"Beware the Ides of March" would do well, especially when switching from a Roman dictator. But the ideas are, however, and how you want to avoid?
The 'identity', a word that rhymes with "hidden" is truly unique. According to the Roman calendar is the moon IDES all day. This is the 13th day of the month, but March 15, May, July and October.
The Romans did not think this is nothing particularly ominous about the ideas of March or the identity of every two months for that matter. The day is usually an opportunity to honor the god of the month of Mars, a military parade. But in 44 BC, March 15 stood as a bad day for at least an ancient Roman: Julius Caesar.
Ides of March: As of March 15 Read
According to the parallel lives of Plutarch, Caesar saw a fortune teller who predicted that it would be a great danger, is past the Ides of March are come. When was the dictator on the way to the Senate, where he will meet his untimely end, he saw and said I guess. "Well, come the Ides of March"
"Yes, come," said the goalkeeper, but they are gone. "
The scene is known to be repeated in Act 3, Scene 1 of "Julius Caesar" by Shakespeare.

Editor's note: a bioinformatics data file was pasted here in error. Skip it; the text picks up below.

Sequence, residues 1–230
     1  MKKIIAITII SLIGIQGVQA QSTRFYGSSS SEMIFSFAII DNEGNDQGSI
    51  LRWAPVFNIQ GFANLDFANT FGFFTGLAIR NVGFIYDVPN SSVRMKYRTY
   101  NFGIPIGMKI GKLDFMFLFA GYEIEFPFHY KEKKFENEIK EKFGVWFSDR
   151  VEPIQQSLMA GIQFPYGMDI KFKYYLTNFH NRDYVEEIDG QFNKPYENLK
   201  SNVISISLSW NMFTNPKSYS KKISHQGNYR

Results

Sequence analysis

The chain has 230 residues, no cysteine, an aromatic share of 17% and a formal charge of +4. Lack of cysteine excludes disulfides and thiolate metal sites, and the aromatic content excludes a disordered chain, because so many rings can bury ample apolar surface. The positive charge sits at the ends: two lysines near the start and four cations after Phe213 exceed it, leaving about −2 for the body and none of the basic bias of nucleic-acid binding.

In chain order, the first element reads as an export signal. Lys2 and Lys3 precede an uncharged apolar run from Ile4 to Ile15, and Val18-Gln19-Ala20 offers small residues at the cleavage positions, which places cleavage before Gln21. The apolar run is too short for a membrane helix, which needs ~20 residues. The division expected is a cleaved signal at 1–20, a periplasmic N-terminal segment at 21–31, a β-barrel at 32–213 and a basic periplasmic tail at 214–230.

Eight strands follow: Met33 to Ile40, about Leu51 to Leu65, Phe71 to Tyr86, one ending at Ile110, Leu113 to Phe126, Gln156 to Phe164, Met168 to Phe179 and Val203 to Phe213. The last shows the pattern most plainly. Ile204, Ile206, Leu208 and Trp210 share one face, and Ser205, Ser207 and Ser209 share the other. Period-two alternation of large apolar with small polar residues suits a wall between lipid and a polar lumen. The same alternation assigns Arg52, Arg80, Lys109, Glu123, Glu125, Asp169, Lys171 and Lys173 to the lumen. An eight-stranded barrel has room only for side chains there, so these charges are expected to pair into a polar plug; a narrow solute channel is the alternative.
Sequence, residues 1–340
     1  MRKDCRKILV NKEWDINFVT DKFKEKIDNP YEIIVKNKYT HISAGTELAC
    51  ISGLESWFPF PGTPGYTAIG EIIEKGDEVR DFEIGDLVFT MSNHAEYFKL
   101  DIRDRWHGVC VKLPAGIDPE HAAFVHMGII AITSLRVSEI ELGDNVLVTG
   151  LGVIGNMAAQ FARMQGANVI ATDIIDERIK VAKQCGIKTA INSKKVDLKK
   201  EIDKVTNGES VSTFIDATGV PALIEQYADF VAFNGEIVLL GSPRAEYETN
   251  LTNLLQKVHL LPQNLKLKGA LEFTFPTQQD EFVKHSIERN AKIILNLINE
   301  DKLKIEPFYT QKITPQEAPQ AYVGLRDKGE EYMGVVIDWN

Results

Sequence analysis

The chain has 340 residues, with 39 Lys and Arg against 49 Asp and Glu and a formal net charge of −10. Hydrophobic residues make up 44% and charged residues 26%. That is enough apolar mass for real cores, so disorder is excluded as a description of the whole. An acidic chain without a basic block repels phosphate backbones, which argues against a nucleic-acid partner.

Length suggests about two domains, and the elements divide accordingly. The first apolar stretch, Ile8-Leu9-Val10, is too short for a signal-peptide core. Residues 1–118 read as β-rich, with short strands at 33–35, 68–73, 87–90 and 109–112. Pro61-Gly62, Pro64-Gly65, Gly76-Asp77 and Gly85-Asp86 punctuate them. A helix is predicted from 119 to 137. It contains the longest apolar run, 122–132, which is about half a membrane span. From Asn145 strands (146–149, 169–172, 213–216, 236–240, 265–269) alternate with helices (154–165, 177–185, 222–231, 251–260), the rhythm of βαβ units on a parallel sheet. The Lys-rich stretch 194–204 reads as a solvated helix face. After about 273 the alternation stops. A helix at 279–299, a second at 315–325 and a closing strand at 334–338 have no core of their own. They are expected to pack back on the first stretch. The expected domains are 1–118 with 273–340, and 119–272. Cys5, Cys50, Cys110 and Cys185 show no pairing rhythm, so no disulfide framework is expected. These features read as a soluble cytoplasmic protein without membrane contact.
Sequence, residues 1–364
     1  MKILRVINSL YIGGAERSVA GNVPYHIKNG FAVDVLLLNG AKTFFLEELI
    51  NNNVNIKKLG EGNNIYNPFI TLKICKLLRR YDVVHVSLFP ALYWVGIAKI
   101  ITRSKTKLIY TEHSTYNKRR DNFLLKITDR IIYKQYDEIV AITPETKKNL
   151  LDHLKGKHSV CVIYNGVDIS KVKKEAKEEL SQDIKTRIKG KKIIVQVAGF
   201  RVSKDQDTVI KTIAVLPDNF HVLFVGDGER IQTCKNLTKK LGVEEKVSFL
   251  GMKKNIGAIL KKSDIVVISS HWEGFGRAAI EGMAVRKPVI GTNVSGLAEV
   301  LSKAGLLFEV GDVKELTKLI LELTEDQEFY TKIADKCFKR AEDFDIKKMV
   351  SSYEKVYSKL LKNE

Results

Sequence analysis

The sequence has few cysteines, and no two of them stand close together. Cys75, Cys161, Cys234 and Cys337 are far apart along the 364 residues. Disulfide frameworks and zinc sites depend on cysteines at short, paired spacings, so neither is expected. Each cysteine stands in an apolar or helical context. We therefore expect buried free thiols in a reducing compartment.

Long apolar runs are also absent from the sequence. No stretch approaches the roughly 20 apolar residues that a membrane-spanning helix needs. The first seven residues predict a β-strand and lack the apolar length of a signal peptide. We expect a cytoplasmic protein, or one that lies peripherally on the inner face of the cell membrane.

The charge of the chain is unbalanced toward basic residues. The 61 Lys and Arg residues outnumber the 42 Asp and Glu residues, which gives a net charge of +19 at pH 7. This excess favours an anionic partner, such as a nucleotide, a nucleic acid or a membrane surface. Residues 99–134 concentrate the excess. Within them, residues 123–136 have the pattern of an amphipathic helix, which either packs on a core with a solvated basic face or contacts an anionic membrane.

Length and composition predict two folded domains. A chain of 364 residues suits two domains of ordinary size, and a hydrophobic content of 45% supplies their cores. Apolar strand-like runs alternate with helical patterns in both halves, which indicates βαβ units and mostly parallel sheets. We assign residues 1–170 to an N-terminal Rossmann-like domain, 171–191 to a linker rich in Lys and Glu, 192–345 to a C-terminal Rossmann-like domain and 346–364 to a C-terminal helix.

But Caesar was assassinated in fact on that day? History agrees to 15 Day Marzio dead, but in the last years of his life of Caesar was playing with the Roman calendar, which, because politicians are allowed per day, Fiat, fell in sync with the Earth's orbit is real around the sun.
In the Julian calendar was introduced in 45 BC and continues to the 18th century, when it was displaced by the widespread Gregorian calendar. But in the early days of the Julian calendar, leap year cycle is not yet stabilized. Thus, many scientists believe that the effective date of the assassination of Caesar was probably 14 March 44 BC.
In the Julian calendar is assumed that the solar year lasted exactly 365.25 days in a leap year every four years. This is very close, but it is actually for 11 minutes is too long. It is about three days every four centuries of Western civilization slowly pushed out of phase with the sun. Gregorian calendar, first proposed in 1582 and aims to balance the drift. As he took the country to have their calendars for 10 or 11 days.
But as early as 44 BC, the Julian calendar is probably three days after the Gregorian calendar. So if you're willing to celebrate the anniversary of the assassination of Caesar, and whether to close this type of information is necessary to wait for March 11 next year.